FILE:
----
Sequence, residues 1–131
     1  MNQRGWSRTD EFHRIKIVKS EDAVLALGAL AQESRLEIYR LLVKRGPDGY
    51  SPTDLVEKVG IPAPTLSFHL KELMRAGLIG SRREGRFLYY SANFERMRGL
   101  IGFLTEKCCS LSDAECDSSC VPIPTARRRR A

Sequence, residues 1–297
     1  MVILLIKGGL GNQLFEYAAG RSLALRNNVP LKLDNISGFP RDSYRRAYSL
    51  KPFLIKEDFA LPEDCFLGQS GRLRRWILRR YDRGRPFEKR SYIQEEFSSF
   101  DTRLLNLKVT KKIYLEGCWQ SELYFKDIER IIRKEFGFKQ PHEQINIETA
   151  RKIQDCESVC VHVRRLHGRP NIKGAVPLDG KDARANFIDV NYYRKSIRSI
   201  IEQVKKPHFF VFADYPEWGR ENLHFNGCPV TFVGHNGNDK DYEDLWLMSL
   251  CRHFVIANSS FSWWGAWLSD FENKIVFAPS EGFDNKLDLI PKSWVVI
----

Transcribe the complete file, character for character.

Sequence, residues 1–131
     1  MNQRGWSRTD EFHRIKIVKS EDAVLALGAL AQESRLEIYR LLVKRGPDGY
    51  SPTDLVEKVG IPAPTLSFHL KELMRAGLIG SRREGRFLYY SANFERMRGL
   101  IGFLTEKCCS LSDAECDSSC VPIPTARRRR A

Sequence, residues 1–297
     1  MVILLIKGGL GNQLFEYAAG RSLALRNNVP LKLDNISGFP RDSYRRAYSL
    51  KPFLIKEDFA LPEDCFLGQS GRLRRWILRR YDRGRPFEKR SYIQEEFSSF
   101  DTRLLNLKVT KKIYLEGCWQ SELYFKDIER IIRKEFGFKQ PHEQINIETA
   151  RKIQDCESVC VHVRRLHGRP NIKGAVPLDG KDARANFIDV NYYRKSIRSI
   201  IEQVKKPHFF VFADYPEWGR ENLHFNGCPV TFVGHNGNDK DYEDLWLMSL
   251  CRHFVIANSS FSWWGAWLSD FENKIVFAPS EGFDNKLDLI PKSWVVI